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Brewing Coffee in Milk: Why Do It & How To Do It

Unless you’re drinking black coffee or straight espresso shots, you already appreciate the value of adding milk to coffee. 

Almond milk, oat milk, dairy milk… it doesn’t matter what kind. A splash of milk makes coffee less bitter and more drinkable. 

But what about adding more than a mere splash of creaminess? If you’ve ever wondered about brewing coffee in milk, keep reading to learn what’s possible with some warm milk and a french press.

milky coffee

Can You Brew Coffee With Milk?

The idea behind brewing coffee with milk is simple: during the extraction process, you use milk instead of water. 

Theoretically, this brewing process eliminates bitter notes and produces a sweeter flavor and a creamier texture. Milk and water are both liquids, so it sounds possible, right?

The short answer is yes, you can brew coffee with milk. However, there are several risks associated with this process. So before you try to make a moka pot milk brew, take a moment to read through this article.

First, brewing coffee with milk can clog your brewing device. Even if a brewing method might produce the very best possible flavor, it’s not worth damaging your coffee maker (including a Keurig). Second, heating milk to the correct temperature for brewing can curdle the milk if you’re not careful.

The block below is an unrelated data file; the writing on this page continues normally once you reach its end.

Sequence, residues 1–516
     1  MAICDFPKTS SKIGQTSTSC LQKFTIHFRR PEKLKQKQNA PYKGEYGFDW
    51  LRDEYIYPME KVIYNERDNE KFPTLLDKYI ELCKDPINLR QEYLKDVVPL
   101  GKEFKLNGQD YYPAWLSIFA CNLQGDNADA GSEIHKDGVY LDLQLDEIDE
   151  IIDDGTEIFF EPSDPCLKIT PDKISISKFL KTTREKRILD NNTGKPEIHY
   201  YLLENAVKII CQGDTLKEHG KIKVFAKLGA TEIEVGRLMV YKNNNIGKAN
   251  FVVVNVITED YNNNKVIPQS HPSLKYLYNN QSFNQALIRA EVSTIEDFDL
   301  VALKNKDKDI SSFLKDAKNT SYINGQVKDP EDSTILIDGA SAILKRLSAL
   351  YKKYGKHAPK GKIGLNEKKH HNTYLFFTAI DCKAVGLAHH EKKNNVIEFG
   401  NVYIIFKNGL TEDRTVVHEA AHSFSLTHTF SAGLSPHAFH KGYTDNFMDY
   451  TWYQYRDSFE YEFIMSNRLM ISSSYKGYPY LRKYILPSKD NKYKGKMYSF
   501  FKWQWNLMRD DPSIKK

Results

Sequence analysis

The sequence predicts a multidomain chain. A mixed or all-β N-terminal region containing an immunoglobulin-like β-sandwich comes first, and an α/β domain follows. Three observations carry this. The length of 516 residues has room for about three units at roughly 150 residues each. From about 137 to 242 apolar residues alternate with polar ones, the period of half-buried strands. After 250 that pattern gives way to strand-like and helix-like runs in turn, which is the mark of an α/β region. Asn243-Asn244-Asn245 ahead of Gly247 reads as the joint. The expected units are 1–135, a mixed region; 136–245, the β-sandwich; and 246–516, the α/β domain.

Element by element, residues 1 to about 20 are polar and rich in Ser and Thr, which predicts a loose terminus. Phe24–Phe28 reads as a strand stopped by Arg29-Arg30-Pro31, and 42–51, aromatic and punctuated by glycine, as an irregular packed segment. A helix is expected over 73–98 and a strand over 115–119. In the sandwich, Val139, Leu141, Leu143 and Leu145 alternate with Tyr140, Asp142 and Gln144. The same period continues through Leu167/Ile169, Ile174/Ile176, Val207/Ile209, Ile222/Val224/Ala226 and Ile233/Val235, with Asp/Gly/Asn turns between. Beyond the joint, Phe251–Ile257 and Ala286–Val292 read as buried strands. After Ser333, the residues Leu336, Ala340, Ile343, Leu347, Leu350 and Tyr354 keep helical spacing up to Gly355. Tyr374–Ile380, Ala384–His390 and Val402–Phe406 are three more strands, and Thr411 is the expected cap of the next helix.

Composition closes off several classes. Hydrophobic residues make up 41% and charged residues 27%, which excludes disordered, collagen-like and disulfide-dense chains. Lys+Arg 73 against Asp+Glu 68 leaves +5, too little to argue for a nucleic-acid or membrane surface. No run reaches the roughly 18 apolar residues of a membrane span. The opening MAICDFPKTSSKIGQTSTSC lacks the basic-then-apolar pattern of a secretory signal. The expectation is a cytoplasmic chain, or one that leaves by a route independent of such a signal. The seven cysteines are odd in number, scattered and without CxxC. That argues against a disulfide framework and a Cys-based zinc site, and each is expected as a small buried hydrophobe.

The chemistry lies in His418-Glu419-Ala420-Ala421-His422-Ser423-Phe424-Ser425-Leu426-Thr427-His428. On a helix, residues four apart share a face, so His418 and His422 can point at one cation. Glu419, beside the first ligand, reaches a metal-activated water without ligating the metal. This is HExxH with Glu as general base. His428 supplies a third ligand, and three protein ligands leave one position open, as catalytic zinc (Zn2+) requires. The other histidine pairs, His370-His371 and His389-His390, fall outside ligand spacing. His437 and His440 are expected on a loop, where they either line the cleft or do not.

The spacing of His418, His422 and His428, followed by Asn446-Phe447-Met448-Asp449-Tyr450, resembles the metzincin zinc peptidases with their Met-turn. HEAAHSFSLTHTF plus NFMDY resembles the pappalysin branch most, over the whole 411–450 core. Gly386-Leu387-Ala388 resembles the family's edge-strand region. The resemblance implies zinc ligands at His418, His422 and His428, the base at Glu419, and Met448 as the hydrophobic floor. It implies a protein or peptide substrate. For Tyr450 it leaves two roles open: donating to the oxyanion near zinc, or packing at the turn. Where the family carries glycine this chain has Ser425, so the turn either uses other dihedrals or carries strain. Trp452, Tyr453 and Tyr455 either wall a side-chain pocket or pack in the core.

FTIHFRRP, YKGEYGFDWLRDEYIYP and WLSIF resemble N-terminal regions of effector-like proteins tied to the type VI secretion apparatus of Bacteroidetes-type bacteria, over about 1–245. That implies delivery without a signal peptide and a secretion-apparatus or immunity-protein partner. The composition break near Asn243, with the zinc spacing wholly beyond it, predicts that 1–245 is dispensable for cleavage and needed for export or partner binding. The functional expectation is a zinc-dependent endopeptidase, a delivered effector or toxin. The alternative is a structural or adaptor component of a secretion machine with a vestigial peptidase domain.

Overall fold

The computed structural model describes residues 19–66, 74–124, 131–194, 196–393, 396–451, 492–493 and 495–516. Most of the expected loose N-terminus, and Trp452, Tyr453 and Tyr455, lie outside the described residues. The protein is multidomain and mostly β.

Those dangers aside, the biggest thing to keep in mind is that making coffee with milk instead of water will significantly reduce the coffee flavor in your drink. 

milk in coffee

Curdled milk and clogged brewers? These risks might not seem worth it, especially not for a weaker coffee flavor. But don’t give up just yet. Half the joy of coffee is trying new brewing methods to achieve the perfect morning cup.  

When done properly, making coffee with milk instead of hot water can produce a velvety texture and creamy taste that latte lovers will adore. 

A coffee using dairy milk (particularly whole milk) will create a rich, full bodied drink. Plant based milk will offer a more neutral flavor with a silky mouthfeel.

So how can coffee drinkers minimize risk and maximize flavor when brewing coffee with milk? (Hint: French press, cold brewing, and instant coffee granules will give you your best chances of success when using this milk lover’s brewing method.)

As with all things in the land of coffee, it all comes down to process. So let’s start there.

How To Brew Coffee With Milk

Heat Your Milk

Extracting coffee from ground beans typically requires a water temperature of 190 – 205 degrees Fahrenheit. Milk, however, will start to burn or curdle at this optimal brewing temperature.

But just because milk can be temperamental when exposed to heat doesn’t mean you should avoid heating it. In fact, heat breaks down the milk’s carbohydrates into simpler sugars, resulting in a sweeter taste.